John A. Nohel was born in Prague on October 24, 1924 and lived in Czechoslovakia until 1939 when his family was forced to leave their home. They eventually emigrated to the United States. He joined the U.S. Navy and became a citizen in 1943. After his military service, he completed his education, receiving a B.A. in Electrical Engineering (with distinction) from George Washington University (1948) followed by a Ph.D. in Mathematics at M.I.T. (1953). His thesis was written under the direction of Norman Levinson. John then took a position as Assistant Professor at Georgia Institute of Technology. He left that institution in 1961 with the rank of Full Professor and joined the Mathematics Department at the UW--Madison.
At UW, John led an extremely active and accomplished professional life, retiring in 1991. He wrote the bulk of his more than 80 research papers here, co-authored or co-edited 12 books, guided 10 students to their Ph.D.'s, and was a very successful mentor to postdoctoral fellows. He served as Chair of the Mathematics Department from 1968-1970, as Director of the Mathematics Research Center (MRC) from 1979-1987, and as founding Director of the Center for the Mathematical Sciences from 1987-1990.
John's earliest research involved the study of the qualitative behavior of solutions of differential equations, Volterra integral equations, and differential-delay equations. Eventually his interests shifted to mathematical problems for integrodifferential equations and their application to the theories of viscoelasticity, heat flow, and non-Newtonian flows. He made many important contributions to the questions of existence and asymptotic behavior of solutions, to energy methods, and to conservation laws with memory. His gregarious nature led to many successful collaborations, especially during his service as Director of MRC. In addition, his ever-positive and supportive attitude fostered a particularly congenial and much appreciated atmosphere at MRC, an atmosphere that helped to maintain MRC as a major international center for applied mathematics in the broadest sense.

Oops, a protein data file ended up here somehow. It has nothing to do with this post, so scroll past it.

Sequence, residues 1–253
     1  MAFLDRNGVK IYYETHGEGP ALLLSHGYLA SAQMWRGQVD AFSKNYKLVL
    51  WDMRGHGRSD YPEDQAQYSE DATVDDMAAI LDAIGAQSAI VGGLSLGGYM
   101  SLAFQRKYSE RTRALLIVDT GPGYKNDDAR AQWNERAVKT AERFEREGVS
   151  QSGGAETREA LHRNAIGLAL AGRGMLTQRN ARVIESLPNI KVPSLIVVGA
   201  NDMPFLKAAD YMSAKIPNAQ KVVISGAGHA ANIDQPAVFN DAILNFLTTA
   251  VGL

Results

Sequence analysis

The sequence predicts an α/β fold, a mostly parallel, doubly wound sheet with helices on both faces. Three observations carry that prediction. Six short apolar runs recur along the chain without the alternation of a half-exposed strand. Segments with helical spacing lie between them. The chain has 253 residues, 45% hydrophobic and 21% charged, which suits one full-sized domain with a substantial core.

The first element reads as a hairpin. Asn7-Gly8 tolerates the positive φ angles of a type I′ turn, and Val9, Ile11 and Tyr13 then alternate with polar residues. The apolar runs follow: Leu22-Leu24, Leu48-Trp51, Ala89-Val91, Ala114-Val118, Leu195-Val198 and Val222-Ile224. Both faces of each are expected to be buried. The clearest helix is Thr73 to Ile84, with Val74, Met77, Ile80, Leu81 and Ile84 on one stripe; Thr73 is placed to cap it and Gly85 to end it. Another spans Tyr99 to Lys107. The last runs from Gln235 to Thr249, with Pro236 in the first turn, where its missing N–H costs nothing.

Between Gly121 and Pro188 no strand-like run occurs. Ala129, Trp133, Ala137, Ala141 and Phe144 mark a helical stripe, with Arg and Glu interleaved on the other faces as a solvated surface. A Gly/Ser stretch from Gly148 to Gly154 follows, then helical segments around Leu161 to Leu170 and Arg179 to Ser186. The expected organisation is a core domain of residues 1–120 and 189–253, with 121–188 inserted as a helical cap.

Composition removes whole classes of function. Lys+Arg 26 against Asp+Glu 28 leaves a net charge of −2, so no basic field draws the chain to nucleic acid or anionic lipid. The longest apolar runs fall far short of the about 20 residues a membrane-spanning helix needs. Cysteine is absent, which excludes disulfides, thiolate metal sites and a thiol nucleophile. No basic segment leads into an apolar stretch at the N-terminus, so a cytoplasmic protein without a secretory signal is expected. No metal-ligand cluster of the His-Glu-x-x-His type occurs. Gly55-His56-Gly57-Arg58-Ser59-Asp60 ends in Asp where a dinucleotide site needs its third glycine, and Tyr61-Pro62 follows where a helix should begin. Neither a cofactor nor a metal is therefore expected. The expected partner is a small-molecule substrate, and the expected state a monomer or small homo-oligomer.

In 1984, John was elected a fellow of the American Association for the Advancement of Science (AAAS). Three special issues of the Journal of Integral Equations and its Applications were dedicated to him in 1990 in commemoration of his 65th birthday.
John moved to Switzerland in 1991. Even in retirement, he continued his research, giving lectures about his work at many academic institutions in Europe and the US. He served as the main editor of the selected works of his Ph.D. advisor, Norman Levinson, completing this demanding project in 1997. John died on November 1, 1999 in Zurich, Switzerland.